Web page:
Buck Owens and the Buckaroos: The Complete Capitol Singles 1957-1966

buckowens_completecapitolsingles5766The towering Capitol singles of Buck Owens

Having already been feted with exhaustive box sets, multidisc anthologies, vault finds, tribute albums, a posthumous autobiography, and dozens of original album reissues, one might ask: what’s left to say? As it turns out: plenty. Collecting Owens’ A’s and B’s from his most commercially fertile years, this generous two-disc set replays Owens’ emergence and dominance as both a country hit maker and a maverick artist. Recording in Hollywood, two thousand miles from Nashville, he added a new chapter to the country music playbook with the driving, electric Bakersfield sound, and established himself as an iconoclastic force on the both the singles and album charts. Among the fifty-six tracks collected here are twenty-two Top 40 hits, including an astonishing string of thirteen consecutive chart toppers.

While the hits will be familiar to most, and the B-sides to many, only the most ardent Owens fans will recognize the earliest Capitol singles. This quartet of originals, waxed in 1957, sounds more like Buddy Holly-styled rock ‘n’ roll than the Bakersfield sting Owens would later develop. The low twanging guitar, sweetly phrased lead vocal and backing chorus of “Come Back” is more doo-wop than country, and its waltz-time B-side “I Know What It Means” sounds like Nashville going pop. “Sweet Thing,” co-written with Harlan Howard, has rockabilly licks supplied by guitarists Gene Moles and Roy Nichols, and its ballad B-side, “I Only Know That I Love You” has a lovely guitar solo to accompany its double-crossed lyric.

Owens returned to Capitol’s studio in 1958 with a reconstructed backing unit that included fiddler J.R. “Jelly” Sanders and Ralph Mooney on steel. It was from this session that “Second Fiddle” launched Owens onto the country chart. The same group, which also included pianist George French, Jr., bassist Al Williams and drummer Pee Wee Adams, cut a 1959 session from which “Under Your Spell Again” climbed to #4. By year’s end, Sanders was out and Don Rich was in, Harlan Howard’s “Above and Beyond” carried Owens one notch higher, to #3, and Howard and Owens’ “Excuse Me (I Think I’ve Got a Heartache)” then reached #2. The B-sides include the charting “I’ve Got a Right to Know,” and the ironic “Tired of Livin’.” Ironic, because the song’s sad-sack complaint about a lack of success was fronted by a Top 5 hit!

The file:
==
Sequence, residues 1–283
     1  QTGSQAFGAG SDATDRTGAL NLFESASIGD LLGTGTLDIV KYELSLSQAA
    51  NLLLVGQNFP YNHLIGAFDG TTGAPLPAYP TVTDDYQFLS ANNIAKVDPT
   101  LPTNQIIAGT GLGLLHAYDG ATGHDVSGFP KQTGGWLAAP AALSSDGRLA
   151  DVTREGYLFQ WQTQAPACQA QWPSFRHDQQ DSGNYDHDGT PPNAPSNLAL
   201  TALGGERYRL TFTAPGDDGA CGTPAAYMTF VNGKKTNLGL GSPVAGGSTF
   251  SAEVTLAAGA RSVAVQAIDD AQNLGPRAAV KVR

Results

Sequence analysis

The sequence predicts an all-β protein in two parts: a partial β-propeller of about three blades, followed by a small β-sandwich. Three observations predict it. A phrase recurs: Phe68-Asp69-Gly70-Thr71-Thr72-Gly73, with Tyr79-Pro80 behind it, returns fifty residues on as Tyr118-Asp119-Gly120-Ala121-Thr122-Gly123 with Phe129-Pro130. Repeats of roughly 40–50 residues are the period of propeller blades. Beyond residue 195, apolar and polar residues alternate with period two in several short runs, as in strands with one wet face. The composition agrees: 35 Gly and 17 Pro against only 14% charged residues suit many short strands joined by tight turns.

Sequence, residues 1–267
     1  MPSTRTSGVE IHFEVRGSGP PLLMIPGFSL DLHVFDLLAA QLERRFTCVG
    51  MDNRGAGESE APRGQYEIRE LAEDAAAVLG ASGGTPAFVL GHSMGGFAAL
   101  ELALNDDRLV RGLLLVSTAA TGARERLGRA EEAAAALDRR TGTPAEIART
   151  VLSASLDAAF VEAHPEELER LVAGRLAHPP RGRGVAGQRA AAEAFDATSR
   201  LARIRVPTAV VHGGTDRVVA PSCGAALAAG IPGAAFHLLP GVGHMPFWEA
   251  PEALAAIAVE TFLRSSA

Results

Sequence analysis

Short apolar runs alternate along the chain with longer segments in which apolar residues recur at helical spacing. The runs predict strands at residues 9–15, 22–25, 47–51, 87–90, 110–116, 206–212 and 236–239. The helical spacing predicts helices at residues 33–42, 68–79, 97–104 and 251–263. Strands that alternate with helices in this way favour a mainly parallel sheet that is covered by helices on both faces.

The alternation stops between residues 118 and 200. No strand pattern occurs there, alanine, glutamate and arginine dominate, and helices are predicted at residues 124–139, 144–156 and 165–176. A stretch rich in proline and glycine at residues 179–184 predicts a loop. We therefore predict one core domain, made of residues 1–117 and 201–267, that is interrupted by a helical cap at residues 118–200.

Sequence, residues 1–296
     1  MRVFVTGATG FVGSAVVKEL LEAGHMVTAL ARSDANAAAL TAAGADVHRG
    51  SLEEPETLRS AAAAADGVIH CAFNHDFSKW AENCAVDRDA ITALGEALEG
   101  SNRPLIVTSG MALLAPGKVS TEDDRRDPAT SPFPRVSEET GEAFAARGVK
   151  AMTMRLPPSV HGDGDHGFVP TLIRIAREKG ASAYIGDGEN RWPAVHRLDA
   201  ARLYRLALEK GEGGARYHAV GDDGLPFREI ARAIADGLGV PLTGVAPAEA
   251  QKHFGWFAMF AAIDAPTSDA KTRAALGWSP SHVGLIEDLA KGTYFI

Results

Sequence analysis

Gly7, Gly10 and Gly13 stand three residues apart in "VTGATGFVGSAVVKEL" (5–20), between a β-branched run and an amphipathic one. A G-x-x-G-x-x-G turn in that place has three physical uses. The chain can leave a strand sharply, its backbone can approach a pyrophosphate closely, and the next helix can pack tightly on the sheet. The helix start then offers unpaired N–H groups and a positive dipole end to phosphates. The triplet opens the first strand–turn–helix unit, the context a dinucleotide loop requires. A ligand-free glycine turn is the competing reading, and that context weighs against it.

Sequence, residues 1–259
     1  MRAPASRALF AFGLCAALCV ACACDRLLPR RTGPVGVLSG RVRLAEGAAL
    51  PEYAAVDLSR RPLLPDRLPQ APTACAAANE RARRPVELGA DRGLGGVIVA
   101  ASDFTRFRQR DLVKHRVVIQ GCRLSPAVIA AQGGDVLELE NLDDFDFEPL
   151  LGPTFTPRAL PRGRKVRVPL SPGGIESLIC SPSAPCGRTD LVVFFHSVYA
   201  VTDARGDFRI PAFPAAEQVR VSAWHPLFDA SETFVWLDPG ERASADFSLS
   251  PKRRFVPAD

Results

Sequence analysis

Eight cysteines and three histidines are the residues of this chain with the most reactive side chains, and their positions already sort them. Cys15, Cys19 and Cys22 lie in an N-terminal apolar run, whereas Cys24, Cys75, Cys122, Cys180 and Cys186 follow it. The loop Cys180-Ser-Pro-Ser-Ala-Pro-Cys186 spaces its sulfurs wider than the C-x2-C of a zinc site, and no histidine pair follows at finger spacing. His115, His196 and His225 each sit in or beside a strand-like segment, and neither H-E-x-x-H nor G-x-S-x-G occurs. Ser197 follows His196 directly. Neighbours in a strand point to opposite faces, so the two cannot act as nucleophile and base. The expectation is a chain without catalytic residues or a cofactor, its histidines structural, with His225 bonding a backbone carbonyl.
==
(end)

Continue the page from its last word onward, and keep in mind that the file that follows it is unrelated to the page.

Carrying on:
1961 found Owens paired with Rose Maddox for the double-sided hit “Mental Cruelty” b/w “Loose Lips,” and he just missed the top slot twice more with “Foolin’ Around” and “Under the Influence of Love.” The success of his A-sides dipped slightly in 1962, though he was still charting regularly, minting staples like “You’re For Me,” and the B-side “I Can’t Stop (My Lovin’ You).” Owens turned out an incredible amount of high quality, original material throughout the ‘60s and ‘70s, winningly vacillating between sunny elation and sorrowful heartbreak. He also had an ear for other songwriters, recording albums dedicated to Harlan Howard and Tommy Collins, and charting covers of Pomus & Shuman’s “Save the Last Dance for Me” and Wanda Jackson’s “Kickin’ Our Hearts Around.”